Wrinkling atom-thin layers of carbon could make tiniest chips yet

HamaraTimes.com | Wrinkling atom-thin layers of carbon could make tiniest chips yet


Nano origami with molybdenum disulfide

Nano origami with molybdenum disulphide

Manoj Tripathi

Sheets of carbon a single atom thick can be wrinkled to create functional microchips. This nano-origami technique could lead to smaller and faster computer processors.

Manoj Tripathi at the University of Sussex, UK, and his colleagues made a graphene sheet behave like a transistor by deliberately adding wrinkles that affected the flow of electrons. Because of the extremely thin material, the transistor is around 100 times smaller than the same device on a silicon chip.


Graphene is made of a single layer of carbon atoms and is often called a 2D material because it is theoretically as thin as a material can be. These sheets are strong and conduct electricity better than gold, but are prone to wrinkling. The influence of these deformations on electronic properties isn’t fully understood.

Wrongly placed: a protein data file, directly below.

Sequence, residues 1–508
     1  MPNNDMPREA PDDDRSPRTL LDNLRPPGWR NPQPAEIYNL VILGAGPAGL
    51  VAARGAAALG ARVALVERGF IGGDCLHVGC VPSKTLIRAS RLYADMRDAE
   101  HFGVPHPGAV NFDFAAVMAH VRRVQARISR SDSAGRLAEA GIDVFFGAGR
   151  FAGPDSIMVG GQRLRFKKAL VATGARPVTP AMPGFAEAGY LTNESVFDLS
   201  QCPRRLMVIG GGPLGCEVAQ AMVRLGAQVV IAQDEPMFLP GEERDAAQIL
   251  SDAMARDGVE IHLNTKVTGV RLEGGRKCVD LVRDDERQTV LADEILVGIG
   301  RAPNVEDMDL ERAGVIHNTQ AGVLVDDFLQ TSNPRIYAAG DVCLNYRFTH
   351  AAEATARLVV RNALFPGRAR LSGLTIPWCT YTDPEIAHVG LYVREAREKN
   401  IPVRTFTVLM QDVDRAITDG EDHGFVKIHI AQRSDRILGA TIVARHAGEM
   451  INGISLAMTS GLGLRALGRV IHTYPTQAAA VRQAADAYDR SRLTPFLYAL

Using a technique called atomic force microscopy, the researchers were able to detect the effects of specific types and patterns of wrinkles, domes and holes.

“The defect is considered a negative part of material, but sometimes a defect gives you positive properties,” says Tripathi. “A kink has a different electrical and mechanical property. You’re able to generate a transistor.”

The researchers are now working on how to create exact patterns of deformation in graphene and other 2D materials like molybdenum disulphide to build working chips. They have been able to make uniform rows of wrinkles by laying sheets over patterned moulds and creating domes by firing lasers to expand the water molecules constantly present in ambient environments. They hope to have a functional prototype chip within five years.

Moore’s Law states that the number of transistors in a circuit will double roughly every two years. But the rate of miniaturisation has slowed in recent years as engineers reach circuit densities beyond which electrons cannot be reliably controlled. Graphene circuits could allow this shrinkage to continue.

Journal reference: ACS Nano, DOI: 10.1021/acsnano.0c06701


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